Tuesday, May 10, 2011

Lieven: Chapter 1: Understanding Pakistan

Lieven sets great store by Pakistan's kinship networks.  He tells us that whether run by civilians or by the military, the state is weak, and society is strong.  The military, he postulates, derives its strength from being like an extended clan.  He attributes the Pakistan's 2002 Gini Index of 30.6 (a relatively low value signifying greater income equality) to the obligations placed on the elite by kinship. (He doesn't tell us that the Gini Index was 41 in 1997-98, which strains his hypothesis.) 

Lieven says that "this is a cultural system so strong that it can persuade a father to kill a much-loved daughter, not for having an affair or becoming pregnant, but for marrying outside her kinship group without permission".  He also attributes to it the widespread practice of first cousin marriage, quoting a statistic that even among Pakistanis in Oxford, England, 59% of marriages are with first cousins; cousin marriage being one of the most important expressions of honoring obligations to one's kin.

(Lieven attributes the same kinship system to India; but he fails to note that among most Hindus, first cousin marriage is not allowed.)

The upshot is that Pakistan is very conservative - stuck in the mud  - and unlikely to have a revolution of any kind, Islamic or other.  This preoccupation with a violent revolt that overthows the Pakistani state and replaces with an Islamic fundamentalist order is, in my opinion, misplaced.  Lieven, like most Occidentals, thinks of the Pakistani Army as modernist.  From the Indian point of view, however, the Pakistani Army is fundamentalist to the core, with a modernist veneer necessarily in place in order to keep Western aid flowing in.   Pakistan's nukes are already in the hands of Islamists.  As Retd US Col. P.W. Lang writes 
Pakistan's military keeps it's existing and future nuclear capability out of the larger world game.  As has been discussed at SST many times, Pakistan either has or will soon have the real world CAPABILITY of ranging Israel's target set.  They have around 100 fully engineered and manufactired deliverable nuclear weapons.  They have aircraft and missiles (Shahiin 2 improved) that would do the job.  The missile launchers are fully mobile.  The US has zero control over this nuclear strike force.   Logically, the willingness of the Pakistan military to keep this "piece" off the chess board is a major boon to the US.  We do not want to see that willingness change to something else.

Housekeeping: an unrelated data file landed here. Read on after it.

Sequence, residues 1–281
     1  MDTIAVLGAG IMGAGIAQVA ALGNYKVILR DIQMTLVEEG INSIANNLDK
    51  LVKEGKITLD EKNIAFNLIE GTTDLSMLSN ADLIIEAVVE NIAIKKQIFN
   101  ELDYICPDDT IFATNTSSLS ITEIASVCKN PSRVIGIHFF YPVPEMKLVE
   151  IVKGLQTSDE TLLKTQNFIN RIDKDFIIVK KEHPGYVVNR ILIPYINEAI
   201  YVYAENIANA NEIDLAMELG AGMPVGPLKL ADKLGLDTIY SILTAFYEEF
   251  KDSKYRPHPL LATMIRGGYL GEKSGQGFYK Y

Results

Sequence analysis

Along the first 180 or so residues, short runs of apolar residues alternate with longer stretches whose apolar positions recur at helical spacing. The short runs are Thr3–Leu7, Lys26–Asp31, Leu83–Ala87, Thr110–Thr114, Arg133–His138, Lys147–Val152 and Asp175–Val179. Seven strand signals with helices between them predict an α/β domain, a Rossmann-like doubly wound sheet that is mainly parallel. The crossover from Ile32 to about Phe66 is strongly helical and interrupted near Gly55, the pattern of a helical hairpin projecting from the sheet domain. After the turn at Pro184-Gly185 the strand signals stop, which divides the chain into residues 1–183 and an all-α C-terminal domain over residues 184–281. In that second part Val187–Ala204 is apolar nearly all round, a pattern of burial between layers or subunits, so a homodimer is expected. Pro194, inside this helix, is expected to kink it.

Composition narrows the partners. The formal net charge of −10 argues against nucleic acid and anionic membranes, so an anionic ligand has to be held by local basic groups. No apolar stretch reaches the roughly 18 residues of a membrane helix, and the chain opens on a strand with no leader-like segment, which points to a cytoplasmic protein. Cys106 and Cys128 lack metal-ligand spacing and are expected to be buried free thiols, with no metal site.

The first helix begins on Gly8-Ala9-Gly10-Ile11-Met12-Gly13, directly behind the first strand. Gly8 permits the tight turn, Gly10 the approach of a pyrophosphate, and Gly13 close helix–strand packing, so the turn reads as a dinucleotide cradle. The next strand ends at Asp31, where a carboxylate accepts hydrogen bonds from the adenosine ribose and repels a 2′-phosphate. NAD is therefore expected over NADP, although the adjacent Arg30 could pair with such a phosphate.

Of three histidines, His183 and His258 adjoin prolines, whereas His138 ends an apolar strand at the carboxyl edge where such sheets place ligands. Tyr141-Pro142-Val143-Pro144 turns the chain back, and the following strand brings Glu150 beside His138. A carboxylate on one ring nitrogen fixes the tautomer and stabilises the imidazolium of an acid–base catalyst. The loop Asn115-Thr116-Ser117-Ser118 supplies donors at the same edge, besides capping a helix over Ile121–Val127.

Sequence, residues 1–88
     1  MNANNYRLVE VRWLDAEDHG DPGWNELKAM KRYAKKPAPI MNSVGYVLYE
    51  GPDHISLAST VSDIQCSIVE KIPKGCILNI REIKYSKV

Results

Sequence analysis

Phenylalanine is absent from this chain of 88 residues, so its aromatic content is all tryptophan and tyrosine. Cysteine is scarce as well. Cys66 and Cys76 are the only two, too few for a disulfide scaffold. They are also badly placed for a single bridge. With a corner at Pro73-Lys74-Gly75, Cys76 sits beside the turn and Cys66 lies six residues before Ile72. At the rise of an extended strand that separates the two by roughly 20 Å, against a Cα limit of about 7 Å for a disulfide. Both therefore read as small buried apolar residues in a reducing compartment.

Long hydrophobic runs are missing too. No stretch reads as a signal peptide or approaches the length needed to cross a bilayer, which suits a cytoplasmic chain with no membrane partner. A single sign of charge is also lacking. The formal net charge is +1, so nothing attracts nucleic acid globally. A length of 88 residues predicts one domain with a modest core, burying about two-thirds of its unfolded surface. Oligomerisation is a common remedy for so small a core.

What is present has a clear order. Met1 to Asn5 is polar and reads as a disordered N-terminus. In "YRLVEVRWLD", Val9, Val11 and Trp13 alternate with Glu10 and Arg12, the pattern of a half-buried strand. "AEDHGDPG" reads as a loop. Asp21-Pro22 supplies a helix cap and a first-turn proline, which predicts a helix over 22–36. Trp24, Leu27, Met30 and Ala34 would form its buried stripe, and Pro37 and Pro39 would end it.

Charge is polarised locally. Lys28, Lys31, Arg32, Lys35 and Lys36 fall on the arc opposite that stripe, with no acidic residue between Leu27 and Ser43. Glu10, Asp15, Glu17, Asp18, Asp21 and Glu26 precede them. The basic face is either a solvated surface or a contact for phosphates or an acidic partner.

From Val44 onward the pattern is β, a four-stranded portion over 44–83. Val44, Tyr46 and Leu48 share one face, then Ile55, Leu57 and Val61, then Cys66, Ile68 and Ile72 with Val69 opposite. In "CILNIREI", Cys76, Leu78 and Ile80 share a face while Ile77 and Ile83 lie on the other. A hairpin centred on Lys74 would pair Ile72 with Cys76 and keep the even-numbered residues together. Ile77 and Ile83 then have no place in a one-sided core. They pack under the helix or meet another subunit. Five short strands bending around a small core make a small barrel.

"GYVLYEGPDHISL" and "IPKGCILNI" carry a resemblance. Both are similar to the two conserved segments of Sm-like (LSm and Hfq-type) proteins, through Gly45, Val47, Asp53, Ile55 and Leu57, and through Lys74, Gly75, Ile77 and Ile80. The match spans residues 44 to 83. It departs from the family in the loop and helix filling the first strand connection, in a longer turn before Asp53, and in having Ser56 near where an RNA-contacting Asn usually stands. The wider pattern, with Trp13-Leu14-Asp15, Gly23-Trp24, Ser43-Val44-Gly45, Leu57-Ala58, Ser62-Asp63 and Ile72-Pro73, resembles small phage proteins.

This Pakistani stance is not because the army is not Islamist; it is because it pays, and pays well.

Regarding Pakistan as a failed state, Lieven notes the first obituary was written in 1983, by Tariq Ali, Can Pakistan Survive? The Death of a State.  He says that Naxalites in India control a larger fraction of the territory than the Taliban ever did in Pakistan. He notes that Afghanistan, Nepal, Sri Lanka, Burma have had long insurgencies that have proportionally lasted longer, covered more territory and caused more casualties than the Taliban in Pakistan. Therefore "when compared to Canada or France, Pakistan inevitably fails.   When compared to India, Bangladesh, Afghanistan, Nepal and Sri Lanka, things ...do not look so terrible."  If Pakistan was a state in India, it would rank somewhere in the middle in development, or "if India was only the 'cow-belt' of Hindi-speaking north India, it probably wouldn't be a democracy or a growing economic power either, but some form of impoverished Hindu-nationalist dictatorship, riven by local conflicts."

Lieven's analysis is deceptive, but I think demolishing it is not worth the time (exercise left to my few readers?).   Oh, and he translates "Bhai-sahib" (as one might use to address a bus conductor) as "Brother-Lord".  ("Brother-sir" would be better, no?)

I haven't finished the first chapter yet, so maybe more later.

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